JD.com pledged to purchase $2 billion worth of American goods during the next three years, including $1.2 billion of American beef and pork, the company said on November 8.
It signed a $1.2 billion beef purchase agreement with Montana Stock Growers Association (MSGA) and signed a pork purchase agreement with Smithfield Foods. The remainder of the $2 billion involves various other American goods during the next three years.
China, after banning US-origin beef and beef products in 2003, chose to reopen the Chinese market to American meet products in June, as part of the Initial Actions of the 100-Day Plan for US-China Economic Cooperation announced on May 11.
After banning imports of American beef, China increased imports from Australia, New Zealand, Uruguay, Brazil, Argentina and Canada. From 1997 to 2014, the seven countries above accounted for more than 95 percent of China’s beef imports. China’s opening to US beef imports will make the beef market more competitive.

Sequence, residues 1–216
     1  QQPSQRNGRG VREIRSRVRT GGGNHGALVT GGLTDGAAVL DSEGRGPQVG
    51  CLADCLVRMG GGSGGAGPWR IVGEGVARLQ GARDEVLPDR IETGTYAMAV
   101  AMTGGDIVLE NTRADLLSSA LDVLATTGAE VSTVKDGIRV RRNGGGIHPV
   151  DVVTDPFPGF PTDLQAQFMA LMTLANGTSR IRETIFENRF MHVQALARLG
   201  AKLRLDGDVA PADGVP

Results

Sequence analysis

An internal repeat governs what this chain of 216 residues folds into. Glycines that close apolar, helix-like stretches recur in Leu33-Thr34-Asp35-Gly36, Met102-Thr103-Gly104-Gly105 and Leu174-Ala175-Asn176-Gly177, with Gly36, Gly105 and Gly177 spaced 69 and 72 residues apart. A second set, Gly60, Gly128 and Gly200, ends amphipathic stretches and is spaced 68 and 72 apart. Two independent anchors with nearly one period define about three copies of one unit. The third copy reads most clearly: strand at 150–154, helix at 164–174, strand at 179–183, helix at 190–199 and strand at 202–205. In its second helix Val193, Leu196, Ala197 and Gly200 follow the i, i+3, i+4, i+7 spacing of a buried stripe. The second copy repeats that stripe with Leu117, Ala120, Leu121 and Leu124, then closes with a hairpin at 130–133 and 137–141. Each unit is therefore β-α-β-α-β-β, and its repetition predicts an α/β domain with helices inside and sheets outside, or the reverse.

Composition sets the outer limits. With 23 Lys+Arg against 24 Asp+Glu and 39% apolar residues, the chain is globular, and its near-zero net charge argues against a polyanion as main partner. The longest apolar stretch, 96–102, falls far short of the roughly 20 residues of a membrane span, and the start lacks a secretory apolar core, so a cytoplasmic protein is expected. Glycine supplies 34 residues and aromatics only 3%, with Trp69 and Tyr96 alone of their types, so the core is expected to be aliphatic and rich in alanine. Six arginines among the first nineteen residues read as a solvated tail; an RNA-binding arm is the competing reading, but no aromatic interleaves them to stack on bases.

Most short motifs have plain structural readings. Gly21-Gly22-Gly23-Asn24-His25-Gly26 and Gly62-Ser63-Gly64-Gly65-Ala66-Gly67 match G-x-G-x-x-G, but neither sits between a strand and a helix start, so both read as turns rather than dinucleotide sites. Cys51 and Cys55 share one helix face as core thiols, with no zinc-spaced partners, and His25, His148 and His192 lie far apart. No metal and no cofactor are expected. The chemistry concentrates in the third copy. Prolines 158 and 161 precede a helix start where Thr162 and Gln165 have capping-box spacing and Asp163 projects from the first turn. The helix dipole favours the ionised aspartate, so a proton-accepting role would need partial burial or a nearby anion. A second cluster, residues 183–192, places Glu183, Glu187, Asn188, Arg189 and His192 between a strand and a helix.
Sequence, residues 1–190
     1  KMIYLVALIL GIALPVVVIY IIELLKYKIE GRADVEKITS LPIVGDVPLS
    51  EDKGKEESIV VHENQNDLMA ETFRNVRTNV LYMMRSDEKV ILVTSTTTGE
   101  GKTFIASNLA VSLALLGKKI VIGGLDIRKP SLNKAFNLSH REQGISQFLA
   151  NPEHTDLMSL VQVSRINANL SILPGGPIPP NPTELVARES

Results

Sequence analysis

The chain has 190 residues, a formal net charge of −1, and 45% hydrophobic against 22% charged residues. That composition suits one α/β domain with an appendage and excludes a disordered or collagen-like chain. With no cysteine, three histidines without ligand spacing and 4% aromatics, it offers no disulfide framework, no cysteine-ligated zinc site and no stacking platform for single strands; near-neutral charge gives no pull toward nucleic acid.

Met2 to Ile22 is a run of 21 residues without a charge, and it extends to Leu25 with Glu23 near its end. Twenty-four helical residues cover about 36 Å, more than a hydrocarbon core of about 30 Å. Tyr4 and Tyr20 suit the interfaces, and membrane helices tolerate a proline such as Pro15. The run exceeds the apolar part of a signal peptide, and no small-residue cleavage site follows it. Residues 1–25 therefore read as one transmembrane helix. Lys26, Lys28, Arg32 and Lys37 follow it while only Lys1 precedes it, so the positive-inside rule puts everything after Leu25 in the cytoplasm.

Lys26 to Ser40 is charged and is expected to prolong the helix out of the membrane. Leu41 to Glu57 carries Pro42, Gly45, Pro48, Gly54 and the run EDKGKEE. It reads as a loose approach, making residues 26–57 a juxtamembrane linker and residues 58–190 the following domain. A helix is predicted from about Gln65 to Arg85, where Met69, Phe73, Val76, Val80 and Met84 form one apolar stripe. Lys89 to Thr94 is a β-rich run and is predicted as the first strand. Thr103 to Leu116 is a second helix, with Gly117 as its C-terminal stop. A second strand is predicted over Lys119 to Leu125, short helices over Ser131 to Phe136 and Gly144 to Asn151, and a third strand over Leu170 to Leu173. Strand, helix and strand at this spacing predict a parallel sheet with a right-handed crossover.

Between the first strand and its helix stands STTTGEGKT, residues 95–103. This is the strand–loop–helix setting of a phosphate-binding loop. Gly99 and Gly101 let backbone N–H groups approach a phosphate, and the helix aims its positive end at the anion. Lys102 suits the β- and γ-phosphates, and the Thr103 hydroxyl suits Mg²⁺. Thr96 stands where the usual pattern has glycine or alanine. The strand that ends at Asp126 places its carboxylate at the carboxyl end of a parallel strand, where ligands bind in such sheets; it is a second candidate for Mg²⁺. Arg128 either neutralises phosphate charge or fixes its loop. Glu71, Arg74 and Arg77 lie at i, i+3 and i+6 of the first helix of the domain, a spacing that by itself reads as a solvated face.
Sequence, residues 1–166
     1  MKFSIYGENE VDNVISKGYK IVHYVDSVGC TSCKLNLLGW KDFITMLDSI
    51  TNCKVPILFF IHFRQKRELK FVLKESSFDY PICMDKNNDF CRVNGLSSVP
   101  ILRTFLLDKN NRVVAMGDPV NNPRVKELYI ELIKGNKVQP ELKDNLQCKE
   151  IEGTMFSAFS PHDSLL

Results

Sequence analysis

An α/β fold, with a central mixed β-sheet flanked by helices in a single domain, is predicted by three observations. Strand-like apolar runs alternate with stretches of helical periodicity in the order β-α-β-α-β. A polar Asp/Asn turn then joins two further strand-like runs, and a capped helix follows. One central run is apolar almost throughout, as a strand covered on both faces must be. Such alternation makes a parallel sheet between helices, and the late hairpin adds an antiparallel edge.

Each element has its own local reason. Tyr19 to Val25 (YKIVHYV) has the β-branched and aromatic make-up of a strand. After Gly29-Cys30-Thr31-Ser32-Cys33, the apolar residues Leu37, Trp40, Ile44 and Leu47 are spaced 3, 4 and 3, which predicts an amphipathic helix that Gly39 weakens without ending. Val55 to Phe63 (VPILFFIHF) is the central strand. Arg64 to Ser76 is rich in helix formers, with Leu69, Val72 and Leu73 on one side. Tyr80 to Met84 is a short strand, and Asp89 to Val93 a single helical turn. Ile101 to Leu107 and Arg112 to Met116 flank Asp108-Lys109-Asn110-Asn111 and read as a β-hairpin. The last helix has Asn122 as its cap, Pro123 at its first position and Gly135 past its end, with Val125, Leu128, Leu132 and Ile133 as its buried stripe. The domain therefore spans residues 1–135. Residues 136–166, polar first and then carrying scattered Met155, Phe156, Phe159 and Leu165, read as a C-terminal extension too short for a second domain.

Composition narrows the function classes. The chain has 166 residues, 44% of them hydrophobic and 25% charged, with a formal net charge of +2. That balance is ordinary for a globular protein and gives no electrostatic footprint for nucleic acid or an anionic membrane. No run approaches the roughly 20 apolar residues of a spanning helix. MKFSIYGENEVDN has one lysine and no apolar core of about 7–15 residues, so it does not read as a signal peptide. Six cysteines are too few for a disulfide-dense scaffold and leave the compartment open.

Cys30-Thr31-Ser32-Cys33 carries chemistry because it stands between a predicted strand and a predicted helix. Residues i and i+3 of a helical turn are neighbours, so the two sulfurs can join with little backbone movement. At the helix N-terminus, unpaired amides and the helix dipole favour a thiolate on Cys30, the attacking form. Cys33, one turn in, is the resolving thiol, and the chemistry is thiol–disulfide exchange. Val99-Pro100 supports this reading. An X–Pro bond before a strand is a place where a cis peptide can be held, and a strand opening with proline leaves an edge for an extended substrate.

In recent years, demand for beef in the Chinese market has been on the rise. In 2016 alone, beef imports totaled 580,000 tons, up 22.4 percent year on year and valued 16.6 billion yuan, according to the major goods value table released by the Customs General Administration. A report by the US Department of Agriculture in March found China’s total beef consumption in 2017 was expected to surpass that of the European Union, having overtaken Brazil in 2016. China’s demand for beef will account for 13.28 percent of the global demand. The EU and Brazil will be 13.26 percent and 12.77 percent of world’s total respectively. The US remains the top, accounting for 20 percent of world’s total consumption. China’s per capita consumption was 5.6 kilograms in 2016, underperforming other markets.